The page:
AI is undergoing a paradigm shift with the rise of models (e.g., BERT, DALL-E, GPT-3) that are trained on broad data at scale and are adaptable to a wide range of downstream tasks. We call these models foundation models to underscore their critically central yet incomplete character. This report provides a thorough account of the opportunities and risks of foundation models, ranging from their capabilities (e.g., language, vision, robotics, reasoning, human interaction) and technical principles(e.g., model architectures, training procedures, data, systems, security, evaluation, theory) to their applications (e.g., law, healthcare, education) and societal impact (e.g., inequity, misuse, economic and environmental impact, legal and ethical considerations). Though foundation models are based on standard deep learning and transfer learning, their scale results in new emergent capabilities,and their effectiveness across so many tasks incentivizes homogenization. Homogenization provides powerful leverage but demands caution, as the defects of the foundation model are inherited by all the adapted models downstream. Despite the impending widespread deployment of foundation models, we currently lack a clear understanding of how they work, when they fail, and what they are even capable of due to their emergent properties. To tackle these questions, we believe much of the critical research on foundation models will require deep interdisciplinary collaboration commensurate with their fundamentally sociotechnical nature.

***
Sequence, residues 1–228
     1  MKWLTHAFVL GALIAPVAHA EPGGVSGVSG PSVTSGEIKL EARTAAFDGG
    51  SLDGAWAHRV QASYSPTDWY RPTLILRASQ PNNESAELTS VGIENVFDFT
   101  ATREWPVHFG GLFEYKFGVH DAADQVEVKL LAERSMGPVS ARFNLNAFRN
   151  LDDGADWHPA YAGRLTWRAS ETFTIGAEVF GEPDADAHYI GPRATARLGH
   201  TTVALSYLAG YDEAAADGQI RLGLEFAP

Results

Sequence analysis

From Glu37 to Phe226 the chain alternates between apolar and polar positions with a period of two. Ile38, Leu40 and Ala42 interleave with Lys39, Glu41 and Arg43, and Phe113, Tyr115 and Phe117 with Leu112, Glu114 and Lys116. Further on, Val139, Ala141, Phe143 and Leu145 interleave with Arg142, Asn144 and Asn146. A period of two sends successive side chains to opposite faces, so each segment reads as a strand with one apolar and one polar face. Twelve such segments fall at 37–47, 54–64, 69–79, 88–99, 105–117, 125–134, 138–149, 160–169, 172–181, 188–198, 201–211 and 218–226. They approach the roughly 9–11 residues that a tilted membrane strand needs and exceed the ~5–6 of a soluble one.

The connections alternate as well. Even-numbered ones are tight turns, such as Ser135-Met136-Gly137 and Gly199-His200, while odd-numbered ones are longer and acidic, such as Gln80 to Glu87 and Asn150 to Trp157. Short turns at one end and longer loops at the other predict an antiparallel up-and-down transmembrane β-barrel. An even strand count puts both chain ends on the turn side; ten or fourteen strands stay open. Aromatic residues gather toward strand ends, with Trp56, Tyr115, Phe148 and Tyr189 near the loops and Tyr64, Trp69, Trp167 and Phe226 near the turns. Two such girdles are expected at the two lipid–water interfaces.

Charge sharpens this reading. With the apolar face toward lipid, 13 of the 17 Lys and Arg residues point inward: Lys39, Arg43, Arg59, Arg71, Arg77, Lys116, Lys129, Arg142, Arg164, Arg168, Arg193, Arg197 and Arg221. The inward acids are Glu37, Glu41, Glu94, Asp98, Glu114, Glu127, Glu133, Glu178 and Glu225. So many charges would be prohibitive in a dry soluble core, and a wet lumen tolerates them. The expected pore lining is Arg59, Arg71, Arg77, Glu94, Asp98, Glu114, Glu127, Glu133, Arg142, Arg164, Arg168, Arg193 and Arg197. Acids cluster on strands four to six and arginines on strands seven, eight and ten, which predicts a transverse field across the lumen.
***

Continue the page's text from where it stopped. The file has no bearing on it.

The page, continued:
Industrial Information Technology (IT) infrastructures are often vulnerable to cyberattacks. To ensure security to the computer systems in an industrial environment, it is required to build effective intrusion detection systems to monitor the cyber-physical systems (e.g., computer networks) in the industry for malicious activities. This paper aims to build such intrusion detection systems to protect the computer networks from cyberattacks. More specifically, we propose a novel unsupervised machine learning approach that combines the K-Means algorithm with the Isolation Forest for anomaly detection in industrial big data scenarios. Since our objective is to build the intrusion detection system for the big data scenario in the industrial domain, we utilize the Apache Spark framework to implement our proposed model which was trained in large network traffic data (about 123 million instances of network traffic) stored in Elasticsearch. Moreover, we evaluate our proposed model on the live streaming data and find that our proposed system can be used for real-time anomaly detection in the industrial setup. In addition, we address different challenges that we face while training our model on large datasets and explicitly describe how these issues were resolved. Based on our empirical evaluation in different use-cases for anomaly detection in real-world network traffic data, we observe that our proposed system is effective to detect anomalies in big data scenarios. Finally, we evaluate our proposed model on several academic datasets to compare with other models and find that it provides comparable performance with other state-of-the-art approaches.
Software defined networking (SDN) represents a promising networking architecture that combines central management and network programmability. SDN separates the control plane from the data plane and moves the network management to a central point, called the controller, that can be programmed and used as the brain of the network. Recently, the research community has showed an increased tendency to benefit from the recent advancements in the artificial intelligence (AI) field to provide learning abilities and better decision making in SDN. In this study, we provide a detailed overview of the recent efforts to include AI in SDN. Our study showed that the research efforts focused on three main sub-fields of AI namely: machine learning, meta-heuristics and fuzzy inference systems. Accordingly, in this work we investigate their different application areas and potential use, as well as the improvements achieved by including AI-based techniques in the SDN paradigm.